Rienzi Crusz writes with grace and wit as he gambols with God in these confessions of a mercurial, passionate older man seasoned in lyricism. Crusz writes from the force that through the green fuse drove the flower, to cite Dylan Thomas, one of his poetic fathers. He leads off “The Maker,” paying homage to Ted Hughes’ crow on the way: “on shoulders burnt under sun fire/he grows a head pitch as crow,/shapes arms/to thin sparrow bones,/has me walking with elephant feet.” This is earthy and contradictory writing. Who is this scarecrow with elephant feet? Crusz gives more detail to feed the reader’s imagination. He says ,“I am crow/that lifts the last thimble of water.” Again, the reader is perplexed. What could he mean? Is he talking of a desert, a drought? Yet, this is confident poetry. Crusz does not tie the poem up neatly and serve it on a platter. He wants the reader to complete her side of the contract: to digest images and make sense of them in the contrary states of her own soul.
But Crusz can also engage us in economic, direct utterance without high flown lyricism. Here is “Let Us Now”
“Let us now
in the embracing love of the Father,
wish each other
the Peace of Christ” so says Pastor Malone of St. Michael’s.
So, my brown hand stretches
to greet the old lady standing beside me.
She turns, glares, extends
a thin pale index finger.
I accept this one-fifth brotherhood,
still believing, still refusing to snuff out
the last candle to our darkness.
There are fifty-six poems here, all worth reading over and over again. Discovering Crusz has also brought me back to the far-away island that unites both these poets and their reviewer. Crusz writes about mother in “For Cleta Nora Marcellina Serpanchy:” “Dead and not dead, gone and here,/you serve breakfast as usual: hoppers and chicken curry,/coconut sambol, tea in the old pot.” And later in the poem: “And me, your immigrant child of the snows?….Mother, you are dead and not dead./Gone and here: love, as the pappadams/crackle on your skillet again,/and you are shouting and chiding,/raving and ranting loving,/praying, always praying.”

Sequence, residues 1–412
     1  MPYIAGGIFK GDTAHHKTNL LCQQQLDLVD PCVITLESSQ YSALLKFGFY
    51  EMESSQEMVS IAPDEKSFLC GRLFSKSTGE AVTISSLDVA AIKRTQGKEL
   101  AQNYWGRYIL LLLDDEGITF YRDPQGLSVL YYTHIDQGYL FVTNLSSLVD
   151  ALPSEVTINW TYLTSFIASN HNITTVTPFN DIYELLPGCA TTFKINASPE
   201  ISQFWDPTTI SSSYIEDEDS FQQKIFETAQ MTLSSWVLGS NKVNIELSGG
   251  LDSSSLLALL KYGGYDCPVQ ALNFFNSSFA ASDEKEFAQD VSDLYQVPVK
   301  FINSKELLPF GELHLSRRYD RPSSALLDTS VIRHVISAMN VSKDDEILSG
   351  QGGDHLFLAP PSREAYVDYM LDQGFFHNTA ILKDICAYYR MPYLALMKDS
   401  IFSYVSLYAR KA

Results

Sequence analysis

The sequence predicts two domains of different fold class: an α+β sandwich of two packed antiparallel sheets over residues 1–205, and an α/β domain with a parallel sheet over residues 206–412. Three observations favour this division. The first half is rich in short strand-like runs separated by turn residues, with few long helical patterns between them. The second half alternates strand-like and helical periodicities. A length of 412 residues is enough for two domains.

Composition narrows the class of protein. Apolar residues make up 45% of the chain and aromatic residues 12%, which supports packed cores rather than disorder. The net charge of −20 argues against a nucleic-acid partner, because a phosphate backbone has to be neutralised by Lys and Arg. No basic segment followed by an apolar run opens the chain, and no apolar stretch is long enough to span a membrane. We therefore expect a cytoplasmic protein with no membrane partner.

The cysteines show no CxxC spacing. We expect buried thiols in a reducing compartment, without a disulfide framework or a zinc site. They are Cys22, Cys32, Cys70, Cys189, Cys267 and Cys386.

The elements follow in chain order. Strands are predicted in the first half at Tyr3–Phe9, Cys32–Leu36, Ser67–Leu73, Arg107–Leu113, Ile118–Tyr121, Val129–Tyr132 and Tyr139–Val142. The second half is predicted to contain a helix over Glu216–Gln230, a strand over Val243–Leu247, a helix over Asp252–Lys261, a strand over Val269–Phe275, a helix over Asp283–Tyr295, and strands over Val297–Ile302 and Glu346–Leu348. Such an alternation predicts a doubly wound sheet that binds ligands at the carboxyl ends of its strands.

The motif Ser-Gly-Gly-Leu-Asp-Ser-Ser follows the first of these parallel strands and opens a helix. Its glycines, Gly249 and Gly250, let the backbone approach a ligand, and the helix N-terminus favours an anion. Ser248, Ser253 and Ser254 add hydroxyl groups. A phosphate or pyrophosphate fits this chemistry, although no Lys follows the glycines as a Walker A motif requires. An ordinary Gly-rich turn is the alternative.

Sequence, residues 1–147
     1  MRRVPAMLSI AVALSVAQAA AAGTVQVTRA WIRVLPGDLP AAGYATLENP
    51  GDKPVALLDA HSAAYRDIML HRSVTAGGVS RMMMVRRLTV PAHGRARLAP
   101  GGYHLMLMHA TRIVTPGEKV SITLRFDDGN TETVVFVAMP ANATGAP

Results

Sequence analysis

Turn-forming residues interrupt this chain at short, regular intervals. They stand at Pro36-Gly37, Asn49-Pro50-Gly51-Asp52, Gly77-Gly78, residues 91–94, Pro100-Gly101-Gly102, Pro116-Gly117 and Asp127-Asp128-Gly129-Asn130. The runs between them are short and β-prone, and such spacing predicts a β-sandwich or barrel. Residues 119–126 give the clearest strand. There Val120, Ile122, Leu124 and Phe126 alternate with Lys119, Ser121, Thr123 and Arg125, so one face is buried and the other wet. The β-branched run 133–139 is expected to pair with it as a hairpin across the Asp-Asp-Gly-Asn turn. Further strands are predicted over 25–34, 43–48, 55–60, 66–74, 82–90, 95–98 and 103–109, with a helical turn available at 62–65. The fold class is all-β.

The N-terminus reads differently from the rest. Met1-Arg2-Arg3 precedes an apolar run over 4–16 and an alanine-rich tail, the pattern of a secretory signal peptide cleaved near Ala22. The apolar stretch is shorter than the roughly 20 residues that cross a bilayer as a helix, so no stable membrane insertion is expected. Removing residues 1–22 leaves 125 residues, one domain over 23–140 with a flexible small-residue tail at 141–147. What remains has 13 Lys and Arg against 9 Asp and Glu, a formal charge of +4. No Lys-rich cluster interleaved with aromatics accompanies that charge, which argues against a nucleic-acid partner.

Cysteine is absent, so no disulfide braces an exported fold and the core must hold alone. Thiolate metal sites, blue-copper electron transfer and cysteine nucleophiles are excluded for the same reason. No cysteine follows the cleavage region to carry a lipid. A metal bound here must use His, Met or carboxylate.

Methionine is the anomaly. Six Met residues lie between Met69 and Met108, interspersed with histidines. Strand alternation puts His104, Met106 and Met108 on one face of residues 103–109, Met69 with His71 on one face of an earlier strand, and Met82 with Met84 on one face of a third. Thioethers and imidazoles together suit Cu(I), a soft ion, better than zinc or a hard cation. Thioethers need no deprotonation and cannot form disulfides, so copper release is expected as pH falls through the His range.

Serpanchy’s prayers or blind nature have given us Rienzi Crusz and we are blessed with his own addresses to and about god and man in these poems.
- Trois poètes et un essayiste by Vincent Charles Lambert
Books reviewed: Les Jours de l'éclipse by Paul Bélanger, Au seuil de L'inespérable by Jean Royer, L'usage des sens by Roland Bourneuf, and Un pont au-dessus du vide by Claude Paradis
- The Best Defence by Greg Yavorsky
Books reviewed: Celtic Highway by Trevor Carolan and Almost Unseen: Selected Haiku of George Swede by Randy M. Brooks and George Swede
- Sage and Silly by Nicholas Brown-Considine
Books reviewed: Down by Jim Long's Stage: Rhymes for Children and Young Fish by Pam Hall and Al Pittman, Messengers of Rain and Other Poems for Latin America by Claudia M. Lee and Rafael Yockteng, The Night Walker by Martin Springett and Richard Thompson, and Two Shoes, Blue Shoes, New Shoes! by Sally Fitz-Gibbon and Farida Zaman
- Kiyooka Collaborations by Joanne Saul
Books reviewed: All Amazed for Roy Kiyooka by John O'Brian, Naomi Sawada, and Scott Watson
- Bloodlines, Stories, and Invented Identities by Cheryl Suzack
Books reviewed: Native Poetry in Canada: A Contemporary Anthology by Jeannette C. Armstrong and Lally Grauer and Skins: Contemporary Indigenous Writing by Kateri Akiwenzie-Damm and Josie Douglas
MLA: Amirthanayagam, Indran. Poets from the Island. canlit.ca. Canadian Literature, 8 Dec. 2011. Web. 24 May 2013.
This review originally appeared in Canadian Literature #194 (Autumn 2007), Visual/Textual Intersections. (pg. 162 - 164)